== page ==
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Is Cortese right in thinking football fans are just 'customers' now?
AMID all the many words written on the subject of Nigel Adkins’ shock departure, one five-word sentence should jar with Saints supporters.
It was written in the Sports Pink last weekend by chief sports writer Adam Leitch.
“The fans are customers now,” he wrote.
That struck a chord with me, the fact one of my colleagues described supporters as ‘customers’.
“There is no doubting that Saints, once one of the most homely and welcoming of clubs, have changed beyond recognition,” Leitch went on.
“It’s not that any more.
“Saints is less a football club there for the community in which it stands, and more a business.”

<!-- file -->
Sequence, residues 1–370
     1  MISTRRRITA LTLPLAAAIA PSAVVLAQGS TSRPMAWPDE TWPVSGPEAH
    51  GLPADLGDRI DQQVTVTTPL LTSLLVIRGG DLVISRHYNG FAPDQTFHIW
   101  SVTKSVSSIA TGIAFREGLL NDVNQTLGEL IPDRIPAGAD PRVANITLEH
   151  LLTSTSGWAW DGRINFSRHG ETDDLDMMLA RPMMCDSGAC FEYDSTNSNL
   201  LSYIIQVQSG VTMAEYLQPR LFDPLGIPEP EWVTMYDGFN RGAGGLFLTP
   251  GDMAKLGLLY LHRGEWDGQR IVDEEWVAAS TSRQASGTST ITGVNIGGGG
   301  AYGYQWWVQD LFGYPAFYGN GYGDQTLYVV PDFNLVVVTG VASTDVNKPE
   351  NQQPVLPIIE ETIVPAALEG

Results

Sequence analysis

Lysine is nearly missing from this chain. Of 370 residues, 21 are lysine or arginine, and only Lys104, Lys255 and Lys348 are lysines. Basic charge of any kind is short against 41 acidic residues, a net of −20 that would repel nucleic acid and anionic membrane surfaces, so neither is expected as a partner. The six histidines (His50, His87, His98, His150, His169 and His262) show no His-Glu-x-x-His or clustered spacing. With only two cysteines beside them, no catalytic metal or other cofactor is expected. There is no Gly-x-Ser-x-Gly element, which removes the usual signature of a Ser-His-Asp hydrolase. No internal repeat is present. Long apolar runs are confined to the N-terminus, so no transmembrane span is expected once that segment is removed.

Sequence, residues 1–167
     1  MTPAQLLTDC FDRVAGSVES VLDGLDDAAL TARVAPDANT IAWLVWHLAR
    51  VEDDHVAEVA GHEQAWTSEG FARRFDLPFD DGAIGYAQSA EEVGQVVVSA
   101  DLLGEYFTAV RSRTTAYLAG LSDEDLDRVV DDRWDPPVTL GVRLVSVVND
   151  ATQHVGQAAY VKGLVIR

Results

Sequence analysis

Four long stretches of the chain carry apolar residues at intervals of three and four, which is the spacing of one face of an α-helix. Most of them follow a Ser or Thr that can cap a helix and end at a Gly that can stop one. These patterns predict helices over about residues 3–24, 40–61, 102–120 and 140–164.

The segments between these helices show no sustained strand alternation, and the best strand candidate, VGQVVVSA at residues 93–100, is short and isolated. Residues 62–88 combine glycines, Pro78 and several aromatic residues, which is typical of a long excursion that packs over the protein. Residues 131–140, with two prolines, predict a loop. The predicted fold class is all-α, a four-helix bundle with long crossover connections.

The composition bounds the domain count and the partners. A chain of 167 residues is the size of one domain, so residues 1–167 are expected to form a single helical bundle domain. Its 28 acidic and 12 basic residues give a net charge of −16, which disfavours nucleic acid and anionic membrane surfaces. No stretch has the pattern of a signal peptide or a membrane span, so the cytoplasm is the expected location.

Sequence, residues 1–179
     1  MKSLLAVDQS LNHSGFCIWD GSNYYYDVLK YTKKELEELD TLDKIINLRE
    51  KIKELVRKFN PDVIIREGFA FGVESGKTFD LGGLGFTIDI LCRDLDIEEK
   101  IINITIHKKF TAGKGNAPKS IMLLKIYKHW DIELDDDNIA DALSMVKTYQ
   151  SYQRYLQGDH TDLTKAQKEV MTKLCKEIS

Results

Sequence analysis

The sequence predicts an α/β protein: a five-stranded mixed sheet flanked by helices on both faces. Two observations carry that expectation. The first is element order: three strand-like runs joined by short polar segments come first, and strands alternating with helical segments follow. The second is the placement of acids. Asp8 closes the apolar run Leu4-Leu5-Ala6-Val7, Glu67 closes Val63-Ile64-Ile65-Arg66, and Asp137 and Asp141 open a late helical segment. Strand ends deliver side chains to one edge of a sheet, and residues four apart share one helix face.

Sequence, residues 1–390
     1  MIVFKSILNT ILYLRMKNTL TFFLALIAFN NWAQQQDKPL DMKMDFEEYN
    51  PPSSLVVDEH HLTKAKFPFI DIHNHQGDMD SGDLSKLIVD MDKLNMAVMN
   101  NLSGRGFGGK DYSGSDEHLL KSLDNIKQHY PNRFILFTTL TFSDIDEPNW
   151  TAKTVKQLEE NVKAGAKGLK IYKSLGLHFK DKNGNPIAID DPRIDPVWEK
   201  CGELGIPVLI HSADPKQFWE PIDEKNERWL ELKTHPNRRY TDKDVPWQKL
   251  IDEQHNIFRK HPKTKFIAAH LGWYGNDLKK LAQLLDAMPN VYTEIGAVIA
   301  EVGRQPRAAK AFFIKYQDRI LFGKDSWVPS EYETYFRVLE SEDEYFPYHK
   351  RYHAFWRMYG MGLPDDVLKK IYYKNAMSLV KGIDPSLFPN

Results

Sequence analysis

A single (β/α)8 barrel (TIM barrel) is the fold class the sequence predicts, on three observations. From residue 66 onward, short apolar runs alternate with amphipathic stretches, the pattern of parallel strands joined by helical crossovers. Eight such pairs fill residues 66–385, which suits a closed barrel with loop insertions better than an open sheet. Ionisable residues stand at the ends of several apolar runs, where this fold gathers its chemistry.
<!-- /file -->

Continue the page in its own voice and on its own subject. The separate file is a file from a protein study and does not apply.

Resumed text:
Sacking Adkins was by no means the first controversial move Cortese has made in recent years.
Dispensing with Alan Pardew after a 4-0 win at Bristol Rovers provoked an outcry at the time.
Many fans have also criticised the fact that season ticket prices have shot up in price (though, to be fair, Saints have risen two divisions and it would be a shock if prices had been pegged at third division levels).
In the summer of 2011 the concession for season ticket holders aged between 60 and 64 years was withdrawn, a decision condemned as “mean spirited” by fans at the time.
For the first time ever, blind fans now have to pay to watch Saints. Previously, the club gave free admission to supporters who suffered serious sight problems.
Last summer that changed, and an adult season ticket for anyone who previously had free entry would have cost almost £500.
There is more.